1890 Wyoming enters the Union as the first state to have womenís suffrage.
1890 Yosemite Park is created by an act of Congress.
1890 The Southern Farmers Alliance, the Farmersí Mutual Benefit Association, and the Colored Farmersí Alliance meet in Ocala, Florida, to see if there is some way to take joint action on their respective grievances. Racial barriers are too strong in the South and nothing comes of the 
1890 Jacob Riis publishes How the Other Half Lives.
1891 The Populist Party is formed at the national level in Cincinnati, Ohio.
1892 The Populist Party, also known as the Peopleís Party, holds its first national convention in Omaha, Nebraska. James B. Weaver is nominated as the partyís candidate for president, and the party issues forth its platform: Their important demands include government ownership of 
 railroads, free coinage of silver, a graduated income tax, an eight hour day, the popular election of senators, the secret ballot, government ownership of telegraphs and telephones, and government-owned warehouses.
1893 President Cleveland is inaugurated for a second term.
1895 U.S. v. E.C. Knight Co. The Supreme Court finds that the Sherman Anti-Trust Act is applicable only to monopolies involved in interstate trade. Ruling that a sugar combine is beyond the law, the Court draws a fine line between manufacturing and commerce. This ruling temporarily renders the Sherman Anti-Trust Act, which had been designed to regulate all forms of trusts, useless. 
1896 William Jennings Bryan gives his "Cross of Gold" speech at the Democratic National Convention in Chicago. He wins the presidential nomination of the Democratic Party.
1896 McKinley wins the presidential election. Garret Hobart is vice president. 
1896 John Deweyís laboratory school for testing and practice of new educational theory opens at University of Chicago
1898 Holden v. Hardy.  The Supreme Court upholds the validity of the Utah statute which limits daily working hours in mining industries to eight.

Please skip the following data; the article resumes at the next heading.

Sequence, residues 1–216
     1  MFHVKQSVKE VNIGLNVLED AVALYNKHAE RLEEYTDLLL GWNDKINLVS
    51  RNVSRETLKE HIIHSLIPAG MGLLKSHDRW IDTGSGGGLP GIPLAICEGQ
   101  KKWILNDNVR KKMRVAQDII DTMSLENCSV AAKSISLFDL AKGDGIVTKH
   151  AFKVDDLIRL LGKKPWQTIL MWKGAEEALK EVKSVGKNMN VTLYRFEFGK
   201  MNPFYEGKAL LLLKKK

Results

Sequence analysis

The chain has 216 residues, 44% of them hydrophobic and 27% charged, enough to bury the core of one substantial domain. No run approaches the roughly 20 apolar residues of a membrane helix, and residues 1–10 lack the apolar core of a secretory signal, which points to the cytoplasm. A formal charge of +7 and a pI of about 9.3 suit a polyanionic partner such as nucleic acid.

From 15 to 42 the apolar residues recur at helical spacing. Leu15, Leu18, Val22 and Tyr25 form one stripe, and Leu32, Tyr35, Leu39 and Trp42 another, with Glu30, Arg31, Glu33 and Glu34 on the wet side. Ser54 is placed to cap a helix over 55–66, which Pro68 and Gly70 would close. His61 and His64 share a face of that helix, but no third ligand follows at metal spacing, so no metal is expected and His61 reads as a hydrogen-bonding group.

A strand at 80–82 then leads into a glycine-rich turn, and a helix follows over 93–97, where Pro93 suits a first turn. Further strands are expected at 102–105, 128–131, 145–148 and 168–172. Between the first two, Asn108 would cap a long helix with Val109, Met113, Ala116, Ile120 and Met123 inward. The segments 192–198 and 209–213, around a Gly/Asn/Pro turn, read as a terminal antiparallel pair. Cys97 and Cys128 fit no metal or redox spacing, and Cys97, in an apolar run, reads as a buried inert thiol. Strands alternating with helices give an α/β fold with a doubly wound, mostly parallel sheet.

1900 McKinley wins a second term as president. Theodore Roosevelt is vice president. 
1900 Frank Baumís The Wonderful Wizard of Oz is published.
1901 President McKinley is shot by Anarchist Leon Czolgosz as he attends a reception in Buffalo. He dies a week later of his wounds. 
1901 Under the leadership of John Mitchell, 140,000 United Mine workers go on strike that lasts through spring and summer. In October, President Roosevelt summons both sides to the White House to reach a settlement. A commission of arbitration is formed to investigate the minersí 
 grievances and will make recommendations as to  which demands should be met. Rooseveltís  assertion of the federal government as the arbitrator of such disputes becomes known as the defining aspect of his "Square Deal" policies. 
1902 Publication of Ida Tarbellís muckraking exposé, The History of the Standard Oil Company. Along with other such publications as Frank Norris' The Octopus, Lincoln Steffens' The Shame of the Cities, journalists will have a direct impact on the course of political action. 
1902 The special commission set up by Roosevelt to settle the Anthracite coal strike recommends shorter hours, a 10 percent wage increase, and an "open shop."
1903 Wisconsin is the first state to adopt direct primary elections. 
1903 The Elkins Act is passed by Congress. The act declares illegal all rebates on published freight rates.
1903 W.E.B. DuBois publishes Souls of Black Folk.
1904 Northern Securities Co. v. U. S.  The Supreme Court finds that the company violates the Sherman Anti-Trust Act. This is the first case that Roosevelt has undertaken in his campaign to bring big business within the restraint of law. 
1904 Theodore Roosevelt is elected president. Charles W. Fairbanks becomes vice president.